Live Concert Photography: SUUNS with FACS at Elsewhere Main Hall 5/23/18

Live Concert Photography: SUUNS with FACS at Elsewhere Main Hall 5/23/18

Comprised of founding members Ben Shemie (vocals, guitar), and Joe Yarmush (guitar, bass), and Liam O’Niell (drums) and Max Henry (bass, keys), the Montreal, Quebec, Canada-based indie rock act SUUNS can trace its origins back to the summer of 2007 when its founding members Shemie and Yarmush got together to make beats, which quickly evolved into a couple of songs. O’Neill and Henry were recruited to complete the lineup.

Their Jace Lasek-produced full-length debut, Zeroes QC, was released in 2010 to critical praise from the likes of The New York Times  — and with a growing profile, they spent the better part of the next year or so on the road, touring with Parlovr, Land of Talk and The Besnard Lakes, and they made appearances on the national and international festival circuits with stops at CMJ, SXSW, Primavera Sound, and others. Additionally, they co-headlined a North American tour with PS I Love You. 2012 continued on the frenetic pace of the previous year, as they curated that year’s SONIC CITY Festival in Belgium, played at The National’s curated ATP Festival, and toured to close out the calendar year, while finding time to work on their sophomore effort Images Du Futur, which was released the following the following March to critical applause from The Line of Best Fit. Adding to a breakthrough year, the album was long listed for that year’s Polaris Music Prize. 

Amazingly, the members of SUUNS were able to squeeze in some time in November 2012 to collaborate with the members of Jerusalem in My Heart on an album that mixed the strengths of both bands — Eastern modes. drones, keyboard arpeggios, incisive guitar work and Moumneh’s vocals.

2016 saw the release of the John Congleton-produced third album Hold/Still, an effort that found the band capturing flawless live takes of each track, without overdubs and include several songs the band had been working on for some time but never released, included “Translate” and “Infinity.” They also curated their own program of the 10th Le Guess Who? Festival in Utrecht, The Netherlands and it included sets by Pauline Oliveros, Alessandro Cortini, Patrick Higgins, and the aforementioned Jerusalem in My Heart.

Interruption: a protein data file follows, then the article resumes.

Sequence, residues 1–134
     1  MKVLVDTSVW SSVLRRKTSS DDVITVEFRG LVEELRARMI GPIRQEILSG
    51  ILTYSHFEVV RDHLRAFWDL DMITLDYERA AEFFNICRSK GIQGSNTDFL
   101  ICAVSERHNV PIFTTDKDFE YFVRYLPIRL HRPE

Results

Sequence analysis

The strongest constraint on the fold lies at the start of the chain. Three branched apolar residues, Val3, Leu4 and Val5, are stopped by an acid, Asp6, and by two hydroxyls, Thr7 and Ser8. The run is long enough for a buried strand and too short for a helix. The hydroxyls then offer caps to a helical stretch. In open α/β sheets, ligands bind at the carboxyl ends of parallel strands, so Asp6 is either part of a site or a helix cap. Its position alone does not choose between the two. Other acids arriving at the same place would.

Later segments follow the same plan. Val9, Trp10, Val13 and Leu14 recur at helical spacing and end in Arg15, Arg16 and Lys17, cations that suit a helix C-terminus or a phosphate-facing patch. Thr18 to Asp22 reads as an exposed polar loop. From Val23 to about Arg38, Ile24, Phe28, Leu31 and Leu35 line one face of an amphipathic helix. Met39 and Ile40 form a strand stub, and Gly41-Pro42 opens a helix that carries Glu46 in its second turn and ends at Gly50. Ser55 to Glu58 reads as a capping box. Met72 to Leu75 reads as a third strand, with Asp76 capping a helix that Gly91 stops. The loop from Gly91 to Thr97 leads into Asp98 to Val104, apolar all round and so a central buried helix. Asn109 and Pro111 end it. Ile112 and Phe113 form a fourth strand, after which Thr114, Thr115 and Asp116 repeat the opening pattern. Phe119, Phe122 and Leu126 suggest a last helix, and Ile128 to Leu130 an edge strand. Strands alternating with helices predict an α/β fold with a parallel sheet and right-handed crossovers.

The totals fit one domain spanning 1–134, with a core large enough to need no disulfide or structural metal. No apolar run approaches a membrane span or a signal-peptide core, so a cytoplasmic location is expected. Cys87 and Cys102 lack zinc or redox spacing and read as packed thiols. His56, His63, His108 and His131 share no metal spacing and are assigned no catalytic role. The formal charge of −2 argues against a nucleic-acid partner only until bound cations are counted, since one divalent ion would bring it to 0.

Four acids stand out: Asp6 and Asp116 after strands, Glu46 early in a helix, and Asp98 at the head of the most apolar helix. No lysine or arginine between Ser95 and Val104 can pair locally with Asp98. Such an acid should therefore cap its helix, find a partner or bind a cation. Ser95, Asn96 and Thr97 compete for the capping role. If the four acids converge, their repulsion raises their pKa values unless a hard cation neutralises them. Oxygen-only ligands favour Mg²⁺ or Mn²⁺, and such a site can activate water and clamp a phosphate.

Felt, the Canadian band’s fourth full-length album was released earlier this year, and the band is just abotu to finish up a tour to support it, that included the Chicago-based post-punk/art rock act FACS as an opener. The tour included a stop at Bushwick, Brooklyn art space and music venue Elsewhere. Check out some photos from the show below.

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Since their formation in 2008, the Chicago, IL-rbased post-punk/art rock act Disappears received attention music that thematically explored how difficult it can be to relate to others, how we seek out meaning and attempt to make sense of our surroundings despite the fact that relationships frequently fall apart, how patterns grow into unbreakable habits and how our world can rapidly shift in a way that’s unsettling and unrecognizable. And through the release of five albums — 2010’s Lux, 2011’s Guider, 2012’s Pre Language, 2013’s Era and 2015’s Irreal, the band revealed an uncanny ability to evoke the existential and anxious dread of a venal and vicious world in which nothing really works the way that it should or that we were told it should.

Early last year, Damon Carruesco (bass) left the band, and the remaining members of Disappears, founding member Brian Case (vocals, guitar) along with Noah Leger (drums) initially put the band on hiatus; however, the remaining members decided that rethink their sound and approach, recruiting Alianna Kalaba (bass) to help them push their sound and aesthetic in a new direction with their new band FACS and although the new project retains some elements of the sound that caught attention when they were Disappears — stark, menacing post-punk centered around angular and propulsive bass chords, explosive peals of guitar, shouted and howled lyrics and Ledger’s incredibly precise, rhythmic drumming; however, on “Skylarking,” and “Primary” off the band’s full-length debut, Negative Houses, which was released earlier this year, the band’s approach is much more stark, minimalist and with increasingly challenging song structures, centered around guitar work that alternates between slashing and dissonant ambiance and forceful percussiveness, economical yet equally forceful bass and abstract yet mathematically precise rhythms.

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For these photos and more, check out the Flickr set here: